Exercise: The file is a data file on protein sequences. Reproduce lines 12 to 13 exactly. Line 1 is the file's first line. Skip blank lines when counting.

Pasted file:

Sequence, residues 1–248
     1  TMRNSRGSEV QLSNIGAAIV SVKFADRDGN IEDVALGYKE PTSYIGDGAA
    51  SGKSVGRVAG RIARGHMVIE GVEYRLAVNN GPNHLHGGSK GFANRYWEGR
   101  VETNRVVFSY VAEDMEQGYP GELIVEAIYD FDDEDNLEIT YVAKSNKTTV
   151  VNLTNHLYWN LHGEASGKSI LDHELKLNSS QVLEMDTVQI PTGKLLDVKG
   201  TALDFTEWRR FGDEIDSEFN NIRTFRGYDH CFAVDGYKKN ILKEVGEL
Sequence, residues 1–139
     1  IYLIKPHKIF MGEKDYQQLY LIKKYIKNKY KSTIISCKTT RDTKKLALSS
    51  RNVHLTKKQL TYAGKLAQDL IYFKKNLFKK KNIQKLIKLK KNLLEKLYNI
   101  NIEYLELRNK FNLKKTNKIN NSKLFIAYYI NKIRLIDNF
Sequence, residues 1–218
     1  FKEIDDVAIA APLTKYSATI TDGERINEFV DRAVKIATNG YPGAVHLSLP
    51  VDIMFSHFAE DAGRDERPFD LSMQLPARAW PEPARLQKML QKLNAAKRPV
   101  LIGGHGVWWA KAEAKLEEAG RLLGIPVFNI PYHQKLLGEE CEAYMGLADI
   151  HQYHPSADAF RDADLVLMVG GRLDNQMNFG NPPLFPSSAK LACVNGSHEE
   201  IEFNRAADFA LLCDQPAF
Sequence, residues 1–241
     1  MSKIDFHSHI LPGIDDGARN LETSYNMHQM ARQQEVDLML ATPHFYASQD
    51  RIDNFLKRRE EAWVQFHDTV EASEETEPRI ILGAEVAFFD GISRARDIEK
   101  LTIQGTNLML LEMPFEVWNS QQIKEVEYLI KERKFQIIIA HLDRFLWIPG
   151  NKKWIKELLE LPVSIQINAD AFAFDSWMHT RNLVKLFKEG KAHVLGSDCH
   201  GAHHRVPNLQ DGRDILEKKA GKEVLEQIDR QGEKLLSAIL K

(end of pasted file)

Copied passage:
     1  FKEIDDVAIA APLTKYSATI TDGERINEFV DRAVKIATNG YPGAVHLSLP
    51  VDIMFSHFAE DAGRDERPFD LSMQLPARAW PEPARLQKML QKLNAAKRPV